*** “We are permanently closed due to the sudden loss of our founder Barbara Black. Barbs was loved by so many – humans and cats alike. The London Persian Rescue Team x” ***

London Persian Rescue Rescues, rehabilitates, educates and rehomes. If you think you would be able to offer one of our cats a loving forever home please contact us by email in the first instance or ring us for a chat.

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    Registered charity 1143374

    Why cats come into Rescue – Adopting one of our Cats

    Some people are unable or unwilling to carry out essential care and therefore seek a new home for their pet. Others simply cannot afford their cat or are elderly and ill, sometimes a relationship ends – life affects people and this affects cats.

    London Persian Rescue keeps cats in a home environment so we know how they behave around people and other cats.

    We re-home cats throughout the UK and provide ongoing advice and support to our adoptees – most problems are solvable – but on the rare occasion things don’t work out we always take a cat back. We do not have transport and therefore potential adoptees will have to travel to us in London or another meeting point by prior arrangement.

     London Persian Rescue Picks up the Pieces – Rehoming Your Cat through Us

    If you need help or support or if you or someone you know is struggling – please contact us – we may be able to help. Cats come into rescue for all sorts of reasons – and we ensure that we have an insight into their character, preferences and behaviour before we re-home them. Please be truthful if your cat has a behavioural problem or does not like children or other pets. The more you tell us the better able we are to find your cat a new place to live.

    Before you offer a Persian a Home have you considered their care?

    Whilst loving and beautiful, Persians are high maintenance and do not suit people without the time and patience to look after their long coats (which if neglected just turn into a matted filthy mess)They also need their faces washed every day because their ‘squashed’ face means debris can collect in the cheeks and eyes causing infection.

     What Else and What next….

    • We ask for a donation of £200.00  per cat payable on collection
    • We do not ever give details of previous owners or update past owners on their pets new home
    • Call us to discuss available cats and your requirements
    • We update our website regularly with cats needing homes
    • We have a waiting list for potential adopters when no cats are immediately available

    Complaints Policy of the London Persian Rescue

    You can download a PDF copy here of the Complaints Policy (Right click Save As)

    London Persian Rescue views complaints as an opportunity to learn and improve for the future, as well as a chance to put things right for the person that has made the complaint.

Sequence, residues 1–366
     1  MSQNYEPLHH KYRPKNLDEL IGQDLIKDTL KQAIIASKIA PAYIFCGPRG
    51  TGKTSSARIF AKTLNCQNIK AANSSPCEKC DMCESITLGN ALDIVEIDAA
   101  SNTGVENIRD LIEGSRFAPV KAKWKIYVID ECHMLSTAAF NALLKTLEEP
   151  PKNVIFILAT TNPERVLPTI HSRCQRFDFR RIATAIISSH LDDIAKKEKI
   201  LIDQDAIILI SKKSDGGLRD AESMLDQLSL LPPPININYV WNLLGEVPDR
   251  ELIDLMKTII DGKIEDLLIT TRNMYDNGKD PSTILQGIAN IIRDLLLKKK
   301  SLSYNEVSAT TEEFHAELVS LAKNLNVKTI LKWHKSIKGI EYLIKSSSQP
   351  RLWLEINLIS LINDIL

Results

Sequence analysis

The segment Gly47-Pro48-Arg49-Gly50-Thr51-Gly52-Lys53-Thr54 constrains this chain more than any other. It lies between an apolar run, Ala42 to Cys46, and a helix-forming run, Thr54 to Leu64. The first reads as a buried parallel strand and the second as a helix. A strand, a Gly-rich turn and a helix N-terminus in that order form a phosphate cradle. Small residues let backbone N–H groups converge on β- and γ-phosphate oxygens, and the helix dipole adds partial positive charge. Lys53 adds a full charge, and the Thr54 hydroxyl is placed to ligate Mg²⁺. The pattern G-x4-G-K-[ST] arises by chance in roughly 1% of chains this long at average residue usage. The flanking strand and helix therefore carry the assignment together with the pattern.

Our policy is:

    • To provide a fair complaints procedure which is clear and easy to use for anyone wishing to make a complaint
    • To publicise the existence of our complaints procedure so that people know how to contact us to make a complaint
    • To make sure everyone at London Persian Rescue knows what to do if a complaint is received
    • To make sure all complaints are investigated fairly and in a timely way
    • To make sure that complaints are, wherever possible, resolved and that relationships are repaired
    • To gather information which helps us to improve what we do

    Definition of a Complaint

    A complaint is any expression of dissatisfaction, whether justified or not, about any aspect of London Persian Rescue.

    Where Complaints Come From

    Complaints may come from any person or organisation who has a legitimate interest in London Persian Rescue.

    A complaint can be received verbally, by phone, by email or in writing.


    All complaint information will be handled sensitively, telling only those who need to know and following any relevant data protection requirements.


    Overall responsibility for this policy and its implementation lies with the Trustees.


    This policy is reviewed regularly and updated as required.

    Adopted on: 16 June 2015

    Last reviewed: n/a

    Complaints Procedure of the London Persian Rescue

    Publicised Contact Details for Complaints:

    Written complaints may be sent to London Persian Rescue, c/o Roger Clegg, 6th Floor, 62-64 Cornhill, London, EC3V 3NH or by e-mail at roger.clegg@ambrian.com.

    Verbal complaints may be made by phone to +44 (0)20 7634 4785 or in person to any of London Persian Rescue’s Trustees at 6th Floor, 62-64 Cornhill, London, EC3V 3NH.

    Receiving Complaints

    Complaints may arrive through channels publicised for that purpose or through any other contact details or reasonable means the complainant may have.

    Complaints received by telephone or in person need to be recorded in writing.

    The person who receives a phone or in person complaint should:

    • Write down the facts of the complaint
    • Take the complainant’s name, address and telephone number
    • Note down the relationship of the complainant to London Persian Rescue (for example: donor, previous owner, new adopter)
    • Tell the complainant that we have a complaints procedure
    • Tell the complainant what will happen next and how long it will take
    • Where appropriate, ask the complainant to send a written account by post or by email so that the complaint is recorded in the complainant’s own words.

    Resolving Complaints

    Stage One

    In many cases, a complaint is best resolved by the person responsible for the issue being complained about.  If the complaint has been received by that person, they may be able to resolve it swiftly and should do so if possible and appropriate.

    Whether or not the complaint has been resolved, the complaint information should be passed to a nominated Trustee within one week.